The mission of a going church for a coming Lord

The critical need to operate on the basis of a clear sense of mission

Zebron Masukume Ncube, D.Min., is associate professor of religion, Andrews University, Berrien Springs, Michigan.

The Adventist Church sees itself fulfilling a unique role, that of proclaiming the imminence of Christ's return in the context of the Three Angels' Messages.

We are a waiting and working people, confident that we have a message to proclaim and a method with which to proclaim it.

Nevertheless, in a radically changing world, we must keep pace with the trends unfolding around us. We must constantly fine tune our self-understanding. Yet no matter what our updating and methodology becomes, we must never lose sight of what our mission is. Different places and different circumstances require different approaches and methods, but we must keep vividly in mind just who we are and why we are here. In short, mission is foundational. We lose everything when we lose a clear sense of identity and mission.

Mission is imperative

The verity that underlies Jesus' words to His disciples in Matthew 28:18-20 is that mission is essential. 1 Jesus mandated a clear mission on the basis of His universal authority. For that reason, any form of neglect, negation, or territorial restriction to the mission of the Christian church contradicts the marching orders of Jesus. Note that the commission is preceded by the enunciation and establishment of universal authority by Jesus. After all, "mission is the summons of the Lordship of Jesus."2

Scholars agree that the Greek word matheteusate, "make disciples," is the principal verb in the Great Commission. The other accompanying words, "having gone,"3 "baptizing," and "teaching"4 are modal participles subordinated to "make disciples." They describe the making of disciples through teaching (a process) and baptizing (a one time event). The difficulty here is to have a single verb that makes a better translation of matheteusate.

According to Broadus, the verb "disciple" was used in classical literature. While it has not found its way into popular versions, "it may be used in religious discourse with great advantage."5 Thus the mission of the church is to disciple people.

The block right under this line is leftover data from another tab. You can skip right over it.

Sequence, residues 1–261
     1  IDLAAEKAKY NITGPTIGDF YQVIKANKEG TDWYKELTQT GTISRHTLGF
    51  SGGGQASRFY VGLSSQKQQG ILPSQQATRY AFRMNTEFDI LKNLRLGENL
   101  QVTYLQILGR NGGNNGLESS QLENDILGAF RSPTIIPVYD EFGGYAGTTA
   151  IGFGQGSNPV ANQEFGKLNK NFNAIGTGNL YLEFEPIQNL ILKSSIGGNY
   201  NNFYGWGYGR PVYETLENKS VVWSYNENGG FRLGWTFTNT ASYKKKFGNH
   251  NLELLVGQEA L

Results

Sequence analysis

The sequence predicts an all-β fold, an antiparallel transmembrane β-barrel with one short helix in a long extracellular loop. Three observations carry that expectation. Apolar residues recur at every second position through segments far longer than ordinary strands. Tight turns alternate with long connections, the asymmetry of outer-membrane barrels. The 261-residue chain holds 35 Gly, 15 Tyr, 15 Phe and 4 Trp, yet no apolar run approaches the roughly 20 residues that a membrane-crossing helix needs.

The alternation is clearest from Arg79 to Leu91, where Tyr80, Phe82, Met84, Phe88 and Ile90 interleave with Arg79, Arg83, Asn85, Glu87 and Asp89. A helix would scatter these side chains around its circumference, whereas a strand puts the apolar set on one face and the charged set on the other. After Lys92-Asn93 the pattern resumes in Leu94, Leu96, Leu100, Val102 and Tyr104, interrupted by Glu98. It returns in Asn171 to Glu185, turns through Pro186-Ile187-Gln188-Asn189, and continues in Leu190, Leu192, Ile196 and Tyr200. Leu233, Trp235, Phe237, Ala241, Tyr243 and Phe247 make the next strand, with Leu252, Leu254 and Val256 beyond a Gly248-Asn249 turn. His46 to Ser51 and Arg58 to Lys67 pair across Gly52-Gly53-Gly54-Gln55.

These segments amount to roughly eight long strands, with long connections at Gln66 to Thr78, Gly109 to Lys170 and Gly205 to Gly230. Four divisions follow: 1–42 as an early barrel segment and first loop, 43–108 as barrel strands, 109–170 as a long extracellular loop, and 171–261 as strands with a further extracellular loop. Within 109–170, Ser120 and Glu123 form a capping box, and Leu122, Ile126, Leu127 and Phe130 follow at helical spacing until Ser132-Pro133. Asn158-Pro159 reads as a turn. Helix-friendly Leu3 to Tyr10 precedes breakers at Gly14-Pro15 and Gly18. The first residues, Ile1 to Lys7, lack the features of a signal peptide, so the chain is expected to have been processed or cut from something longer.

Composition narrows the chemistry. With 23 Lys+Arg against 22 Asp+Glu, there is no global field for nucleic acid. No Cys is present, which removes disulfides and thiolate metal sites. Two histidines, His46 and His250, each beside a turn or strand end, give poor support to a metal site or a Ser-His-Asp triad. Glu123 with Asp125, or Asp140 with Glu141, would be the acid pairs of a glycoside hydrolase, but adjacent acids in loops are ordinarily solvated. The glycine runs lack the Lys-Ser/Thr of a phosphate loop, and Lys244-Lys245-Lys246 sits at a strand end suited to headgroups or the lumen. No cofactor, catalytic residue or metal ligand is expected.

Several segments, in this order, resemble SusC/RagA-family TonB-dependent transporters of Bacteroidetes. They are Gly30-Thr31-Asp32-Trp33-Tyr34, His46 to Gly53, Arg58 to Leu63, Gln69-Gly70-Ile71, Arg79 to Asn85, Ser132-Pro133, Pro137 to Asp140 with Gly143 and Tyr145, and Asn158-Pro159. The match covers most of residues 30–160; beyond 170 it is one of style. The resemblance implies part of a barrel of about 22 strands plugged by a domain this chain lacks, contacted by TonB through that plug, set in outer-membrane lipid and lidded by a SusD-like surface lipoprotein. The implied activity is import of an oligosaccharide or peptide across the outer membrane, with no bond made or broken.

Matthew 28:18-20 offers the only instance the term "make disciples" is used in the imperative mood. Its basic intent is to signify a permanent relationship with Jesus. The mission of the disciples was to enlist people into a relationship with Jesus. The bottom line is that the disciple bears the yoke, submits to the teachings and requirements of the Master, and simply follows Him.

According to Gerald West, the central axis of the New Testament is discipleship. He states that "the theme of 'discipleship' provides us with an interpretive key for our reading of the various texts in the New Testament. Even texts which appear to have no direct discussion of discipleship can be read in the light of this theme."6

Jesus does not demand the impossible; thus discipleship is both a necessity7 and a possibility. Anything short of this is a negation of the gospel itself.

Jesus' imperative to His disciples, and thus the disciples' imperative mission is simply to make disciples. To have clarity of mission and to carry out that mission is imperative.

Mission is contextual

But as an imperative, mission must be relevant to situation. For Adventists, three key biblical passages supply a point of departure for the contextual under standing of our mission: Matthew 28:16- 20, Acts 1:4-8, and Revelation 14:6-12. These passages assert that the gospel must go to all nations. "Every nation" (Rev. 14:6,7) underscores the universality and importance of the message.8 Any form of exclusive regionalism, sectarian ism, and racial or tribal exclusion is a contradiction to the essence of Christian mission.

The task of the church is to take the gospel to all cultures, which means there is no such thing as a prefabricated approach that will work everywhere. Bruce Moyer once remarked that "the McDonald approach to evangelism no longer works."9 There is no such thing as one mode for everyone. The church must cultivate tolerance as we debate issues. We are all finite beings trying to understand God's ways in every part of our human societies.

The quality of the presence of the church in every part of the world is crucial. The church should take the attitude of humility, courage, and servanthood. It should be a wounded healer. 10 In humility and transparency it must experience the hurts of the world around it and bring healing through the gospel. Jesus provided an incarnational model for mission (see Heb. 13:12,13). He became our Brother; He suffered and died for the world outside the gate. He did not recoil from the hurts of society. The church too must go outside the gate and face the threats of a complex world with a mes sage of healing. The church is the salt of the earth and the light to the world (Matt. 5:13-16). This implies being involved with God's creation.

Mission is Christ-centered

Jesus Himself is the gospel we preach. Ellen G. White spoke about Christ-centered preaching.11 The "I Am" sayings of Jesus (John 6:35,48; 10:9,14; 11:25; 14:6; 15:1) provide us with a door of hope for this Christ-centered, Christ-sourced mission. These sayings endorse Jesus as the content of the gospel and thus of mission. Tooke is on target when he suggests a paradigm for evangelism12 that emphasizes the transcendence, the immanence, and the deliverance of Jesus.

The mere mention of the name of Jesus is neither the message nor the mission of the church. Christ must be presented as key in answering the questions people ask. He who is "the way, the truth, and the life" meets the essence of hum an need.